A painful foot or ankle condition can limit a patient’s function and quality of life with every step. Conditions from the toes to the Achilles tendon will be discussed with emphasis on surgical and nonsurgical options, including old standards and the most cutting edge new technologies. Topics covered will include foot and toe deformities such as bunions, hammertoes, flat feet, and high arches, with special attention to when and how these conditions should be treated or when they should be left alone. Plantar fasciitis and Achilles tendonitis will be discussed in detail with emphasis on the natural progression of the disease, what we know works and what is experimental. Arthritic conditions of the foot, ranging from the big toe to the ankle will be included.

A team approach is an important aspect of foot and ankle care. ONS physical therapist Alicia Hirscht, DPT, SCS, CSCS will discuss and answer questions about the role of physical therapy to improve foot and ankle pain and dysfunction.

ONS Senior Clinical Specialist Alicia Hirsch
ONS Senior Clinical Specialist Alicia Hirsch, DPT, SCS, CSCS

Dr. Peden will introduce an orthotic maker he typically works with and will discuss when and how orthotics are used, from inexpensive over-the-counter inserts to custom molded prostheses. Other options to be discussed will include stem cell technology and image-guided injections.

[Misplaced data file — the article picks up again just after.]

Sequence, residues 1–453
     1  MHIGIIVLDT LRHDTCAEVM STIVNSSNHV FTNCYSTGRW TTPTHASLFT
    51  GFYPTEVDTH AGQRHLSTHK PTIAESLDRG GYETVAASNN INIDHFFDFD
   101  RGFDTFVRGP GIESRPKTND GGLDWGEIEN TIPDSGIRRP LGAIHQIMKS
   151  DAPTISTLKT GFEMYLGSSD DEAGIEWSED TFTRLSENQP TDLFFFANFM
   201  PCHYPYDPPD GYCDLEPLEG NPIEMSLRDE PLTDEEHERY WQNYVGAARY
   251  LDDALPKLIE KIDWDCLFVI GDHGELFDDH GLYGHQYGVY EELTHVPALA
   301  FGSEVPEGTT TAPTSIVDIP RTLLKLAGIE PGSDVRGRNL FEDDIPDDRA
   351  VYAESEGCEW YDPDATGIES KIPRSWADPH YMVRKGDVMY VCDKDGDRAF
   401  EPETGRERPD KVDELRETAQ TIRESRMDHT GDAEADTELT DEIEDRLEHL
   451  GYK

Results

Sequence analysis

Dr. Peden will open up a question and answer session following the seminar. This event is free registration requested, call (203) 863-4277 or (888) 305-9253, or register online at:  https://www.greenhosp.org/CREG/ClassDetails.aspx?sid=1&ClassID=7253

Foot Ankle Pain Brochure

Foot and Ankle Surgeon and Physiatrist join ONS

Specialists in foot and ankle surgery and physiatry added to growing practice.

We are pleased to announce that orthopedic surgeon Sean Peden, MD and interventional physiatrist Christopher Sahler, MD have joined the ONS team.

Sean Peden, MD
Sean Peden, MD Foot and Ankle Surgeon

Dr. Peden earned his medical degree at Washington University in St. Louis School of Medicine. He did his residency in orthopedic surgery at The George Washington University in Washington, DC and completed fellowship training in operative and non-operative care of the foot and ankle at Michigan International Foot and Ankle Center, Pontiac, MI.